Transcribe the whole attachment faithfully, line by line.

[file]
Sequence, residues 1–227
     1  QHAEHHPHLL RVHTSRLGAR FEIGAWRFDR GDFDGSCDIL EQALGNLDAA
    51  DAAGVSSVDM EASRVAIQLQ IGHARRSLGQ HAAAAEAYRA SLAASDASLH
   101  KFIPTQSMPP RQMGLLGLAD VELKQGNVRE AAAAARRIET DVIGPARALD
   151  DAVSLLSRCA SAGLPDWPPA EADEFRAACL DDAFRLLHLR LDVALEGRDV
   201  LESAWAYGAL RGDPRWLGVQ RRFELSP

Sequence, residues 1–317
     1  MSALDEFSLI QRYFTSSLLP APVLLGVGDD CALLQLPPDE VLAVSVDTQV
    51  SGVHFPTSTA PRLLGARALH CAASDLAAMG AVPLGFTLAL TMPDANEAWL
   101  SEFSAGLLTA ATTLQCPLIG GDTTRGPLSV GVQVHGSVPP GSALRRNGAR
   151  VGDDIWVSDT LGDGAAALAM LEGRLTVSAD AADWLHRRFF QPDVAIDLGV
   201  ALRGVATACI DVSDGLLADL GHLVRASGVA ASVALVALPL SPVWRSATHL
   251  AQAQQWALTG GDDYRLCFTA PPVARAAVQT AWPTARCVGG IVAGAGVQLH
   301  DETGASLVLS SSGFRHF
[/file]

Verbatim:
Sequence, residues 1–227
     1  QHAEHHPHLL RVHTSRLGAR FEIGAWRFDR GDFDGSCDIL EQALGNLDAA
    51  DAAGVSSVDM EASRVAIQLQ IGHARRSLGQ HAAAAEAYRA SLAASDASLH
   101  KFIPTQSMPP RQMGLLGLAD VELKQGNVRE AAAAARRIET DVIGPARALD
   151  DAVSLLSRCA SAGLPDWPPA EADEFRAACL DDAFRLLHLR LDVALEGRDV
   201  LESAWAYGAL RGDPRWLGVQ RRFELSP

Sequence, residues 1–317
     1  MSALDEFSLI QRYFTSSLLP APVLLGVGDD CALLQLPPDE VLAVSVDTQV
    51  SGVHFPTSTA PRLLGARALH CAASDLAAMG AVPLGFTLAL TMPDANEAWL
   101  SEFSAGLLTA ATTLQCPLIG GDTTRGPLSV GVQVHGSVPP GSALRRNGAR
   151  VGDDIWVSDT LGDGAAALAM LEGRLTVSAD AADWLHRRFF QPDVAIDLGV
   201  ALRGVATACI DVSDGLLADL GHLVRASGVA ASVALVALPL SPVWRSATHL
   251  AQAQQWALTG GDDYRLCFTA PPVARAAVQT AWPTARCVGG IVAGAGVQLH
   301  DETGASLVLS SSGFRHF